"Sit Down I Think I Love You" - Buffalo Springfield

Greggorios

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Such a great and important band. I listened to some of this box set (Rhino records) the other day while I was working in the yard and thought the same as @Chiogtr4x above. They really laid the groundwork for so much of what was to come in the late 60s and 70s. In particular I was reminded of the overall sound of the music and how fresh and creative it was. Combining psychedelic fuzz tones with country and jazz tones sounds as fresh today as did back then. Harmonies!!!!-fugget about it! "She's a joy to knowwww."


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bowman

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They were truly original, and brilliant. Stills is so well known, but somehow underrated. He wrote all the best songs in every band he was in. He’s been an inspiration to me for a long time. His records with Manassas barely get a blip on the radar these days, but they are great.
 

johnb

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Two words - "Uno Mundo"
I was ready to get my tickets when their Columbia, SC show was cancelled after the murder of Dr. Martin Luther King. It was a sad time in our history.
 

boris bubbanov

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Richie Furay was their secret weapon.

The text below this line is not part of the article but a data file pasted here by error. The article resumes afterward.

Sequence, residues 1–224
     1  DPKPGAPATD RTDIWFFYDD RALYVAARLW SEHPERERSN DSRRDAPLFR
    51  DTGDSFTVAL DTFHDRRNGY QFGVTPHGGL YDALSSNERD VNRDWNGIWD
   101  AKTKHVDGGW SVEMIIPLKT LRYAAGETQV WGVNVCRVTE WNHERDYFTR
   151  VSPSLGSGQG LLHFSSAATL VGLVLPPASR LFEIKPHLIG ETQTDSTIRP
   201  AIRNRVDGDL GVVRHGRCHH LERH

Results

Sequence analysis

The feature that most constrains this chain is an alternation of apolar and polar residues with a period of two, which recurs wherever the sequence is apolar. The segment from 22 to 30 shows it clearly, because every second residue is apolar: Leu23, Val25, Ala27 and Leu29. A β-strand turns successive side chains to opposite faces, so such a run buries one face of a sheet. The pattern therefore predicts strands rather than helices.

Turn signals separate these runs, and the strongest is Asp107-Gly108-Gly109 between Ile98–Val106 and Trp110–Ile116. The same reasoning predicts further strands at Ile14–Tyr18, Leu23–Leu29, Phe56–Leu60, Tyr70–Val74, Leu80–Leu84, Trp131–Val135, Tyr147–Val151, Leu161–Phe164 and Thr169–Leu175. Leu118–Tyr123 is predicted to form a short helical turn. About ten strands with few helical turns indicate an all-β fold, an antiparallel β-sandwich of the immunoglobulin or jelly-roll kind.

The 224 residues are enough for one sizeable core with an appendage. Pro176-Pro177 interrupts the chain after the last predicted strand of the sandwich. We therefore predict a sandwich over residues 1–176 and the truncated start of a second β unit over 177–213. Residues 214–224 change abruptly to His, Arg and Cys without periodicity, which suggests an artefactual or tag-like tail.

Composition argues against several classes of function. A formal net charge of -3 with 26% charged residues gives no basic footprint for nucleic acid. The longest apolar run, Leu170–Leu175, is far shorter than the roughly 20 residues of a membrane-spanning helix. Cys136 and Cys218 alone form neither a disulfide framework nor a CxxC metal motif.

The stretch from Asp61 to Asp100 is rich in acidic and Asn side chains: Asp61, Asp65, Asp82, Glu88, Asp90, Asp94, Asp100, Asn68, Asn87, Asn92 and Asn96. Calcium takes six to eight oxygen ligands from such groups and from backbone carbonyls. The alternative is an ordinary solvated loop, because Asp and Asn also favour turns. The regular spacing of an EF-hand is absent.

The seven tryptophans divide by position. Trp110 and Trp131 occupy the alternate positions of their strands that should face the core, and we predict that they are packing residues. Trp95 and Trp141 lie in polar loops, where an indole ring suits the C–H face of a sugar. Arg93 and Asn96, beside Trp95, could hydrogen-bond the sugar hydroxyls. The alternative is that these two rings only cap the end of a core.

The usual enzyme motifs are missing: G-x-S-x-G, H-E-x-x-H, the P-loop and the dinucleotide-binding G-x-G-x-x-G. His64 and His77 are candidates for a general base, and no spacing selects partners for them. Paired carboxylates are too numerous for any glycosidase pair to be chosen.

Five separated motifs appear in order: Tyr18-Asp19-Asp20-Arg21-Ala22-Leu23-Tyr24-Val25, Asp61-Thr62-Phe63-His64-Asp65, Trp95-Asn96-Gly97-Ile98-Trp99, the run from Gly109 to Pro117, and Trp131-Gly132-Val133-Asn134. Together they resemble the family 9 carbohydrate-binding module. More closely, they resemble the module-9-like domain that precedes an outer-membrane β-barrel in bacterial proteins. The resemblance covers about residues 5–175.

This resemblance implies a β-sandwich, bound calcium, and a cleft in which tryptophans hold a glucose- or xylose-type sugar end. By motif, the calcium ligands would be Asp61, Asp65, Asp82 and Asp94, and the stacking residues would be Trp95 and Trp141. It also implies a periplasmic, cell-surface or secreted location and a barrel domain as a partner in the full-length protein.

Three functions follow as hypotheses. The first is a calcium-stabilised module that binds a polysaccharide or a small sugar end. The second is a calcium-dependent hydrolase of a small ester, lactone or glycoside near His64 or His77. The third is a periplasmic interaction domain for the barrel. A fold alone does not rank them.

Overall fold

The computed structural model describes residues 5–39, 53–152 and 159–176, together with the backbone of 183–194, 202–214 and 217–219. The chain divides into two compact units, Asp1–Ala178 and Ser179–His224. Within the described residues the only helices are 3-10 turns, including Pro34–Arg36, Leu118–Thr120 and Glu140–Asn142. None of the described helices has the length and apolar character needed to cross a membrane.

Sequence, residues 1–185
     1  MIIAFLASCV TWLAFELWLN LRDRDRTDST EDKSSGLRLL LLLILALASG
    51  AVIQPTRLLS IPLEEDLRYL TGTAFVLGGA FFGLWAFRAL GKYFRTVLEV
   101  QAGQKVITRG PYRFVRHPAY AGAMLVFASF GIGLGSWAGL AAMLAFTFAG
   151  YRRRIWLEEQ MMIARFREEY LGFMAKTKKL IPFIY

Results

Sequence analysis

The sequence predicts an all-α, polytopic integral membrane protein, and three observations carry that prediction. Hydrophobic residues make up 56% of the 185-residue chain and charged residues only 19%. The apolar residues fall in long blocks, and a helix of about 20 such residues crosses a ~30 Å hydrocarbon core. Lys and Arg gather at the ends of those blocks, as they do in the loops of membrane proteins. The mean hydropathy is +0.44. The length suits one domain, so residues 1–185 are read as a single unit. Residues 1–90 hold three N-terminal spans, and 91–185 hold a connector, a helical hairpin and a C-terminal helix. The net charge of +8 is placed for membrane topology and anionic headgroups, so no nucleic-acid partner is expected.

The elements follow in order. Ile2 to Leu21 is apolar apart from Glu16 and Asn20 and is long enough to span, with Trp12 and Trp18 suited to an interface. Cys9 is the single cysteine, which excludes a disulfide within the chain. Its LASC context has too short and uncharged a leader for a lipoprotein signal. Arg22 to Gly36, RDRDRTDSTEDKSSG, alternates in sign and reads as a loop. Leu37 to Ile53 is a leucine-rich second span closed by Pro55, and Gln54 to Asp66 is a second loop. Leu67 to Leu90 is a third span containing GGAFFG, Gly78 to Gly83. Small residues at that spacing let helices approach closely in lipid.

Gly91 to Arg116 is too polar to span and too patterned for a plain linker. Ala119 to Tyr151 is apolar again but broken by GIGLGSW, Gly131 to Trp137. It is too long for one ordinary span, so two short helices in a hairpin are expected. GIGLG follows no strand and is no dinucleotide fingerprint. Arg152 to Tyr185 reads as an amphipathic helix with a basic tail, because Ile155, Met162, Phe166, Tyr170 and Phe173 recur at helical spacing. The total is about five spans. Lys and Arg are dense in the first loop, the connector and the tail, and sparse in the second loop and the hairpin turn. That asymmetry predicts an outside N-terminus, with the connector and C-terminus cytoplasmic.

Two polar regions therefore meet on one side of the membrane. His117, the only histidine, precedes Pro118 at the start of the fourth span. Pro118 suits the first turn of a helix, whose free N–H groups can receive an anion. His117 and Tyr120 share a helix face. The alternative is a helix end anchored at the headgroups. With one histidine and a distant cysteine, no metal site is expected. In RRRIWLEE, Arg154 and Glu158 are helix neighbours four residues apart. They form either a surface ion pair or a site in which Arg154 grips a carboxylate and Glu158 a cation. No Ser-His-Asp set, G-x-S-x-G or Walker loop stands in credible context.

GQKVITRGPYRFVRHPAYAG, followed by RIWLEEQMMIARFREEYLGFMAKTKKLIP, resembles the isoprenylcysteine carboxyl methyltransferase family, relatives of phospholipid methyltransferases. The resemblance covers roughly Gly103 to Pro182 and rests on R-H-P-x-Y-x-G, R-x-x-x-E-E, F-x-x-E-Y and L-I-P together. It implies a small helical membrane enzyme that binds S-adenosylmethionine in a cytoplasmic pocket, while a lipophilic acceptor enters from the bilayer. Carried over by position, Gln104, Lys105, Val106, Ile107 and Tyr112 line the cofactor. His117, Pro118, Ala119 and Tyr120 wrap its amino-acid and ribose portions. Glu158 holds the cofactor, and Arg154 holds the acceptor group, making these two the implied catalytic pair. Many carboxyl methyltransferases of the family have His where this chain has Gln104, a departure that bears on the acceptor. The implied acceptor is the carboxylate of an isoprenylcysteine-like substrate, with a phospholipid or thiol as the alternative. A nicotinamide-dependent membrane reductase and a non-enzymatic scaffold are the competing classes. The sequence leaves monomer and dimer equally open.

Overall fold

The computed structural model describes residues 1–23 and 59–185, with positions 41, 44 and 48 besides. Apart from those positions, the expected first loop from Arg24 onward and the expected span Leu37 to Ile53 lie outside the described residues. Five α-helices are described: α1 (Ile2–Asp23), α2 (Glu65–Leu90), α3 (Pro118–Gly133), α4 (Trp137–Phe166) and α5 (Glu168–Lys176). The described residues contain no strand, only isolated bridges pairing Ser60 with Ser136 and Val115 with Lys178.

Furay is arguably the best white male voice, in pop music in my lifetime. He was, if anything, better with Poco than with the Springfield I thought.

I thought the original lineup was remarkably balanced (Springfield). If there's an unexplored aspect of this band, it would be Bruce Palmer. Never heard anyone quite like him, up to that time.
 

boris bubbanov

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If ever I had to listen to B.S. all day, it would be these guys. Great band.

This is a solid tune but I prefer the Mojo Men version.
Who? Mojo Who?

Just kidding. But I resented the idea that someone else would chart one of these fantastic songs and somehow the Springfield was overlooked. And so I get kinda sore when "Sit Down I Think I Love You" comes on, either version. I don't like to be reminded of what should have been.

Lest the young people here get the impression that tons of people talked about this band and knew of them - not so fast. I promise, back then I made a study out of it. I'd be talking to someone in the 1970s, 1980s, right up until the Oliver Stone movie use of "FWIW" was rediscovered. So many totally blank stares. People were trying to be polite (usually) but they didn't know - you mean Rick Springfield? People would know The Outsiders or Argent or Small Faces or The American Breed and still not know who the Buffalo Springfield were. Just tell them "Crosby Stills Nash & Young"- two of those guys' original band and a smile of recognition might occur. But not before, so often.
 




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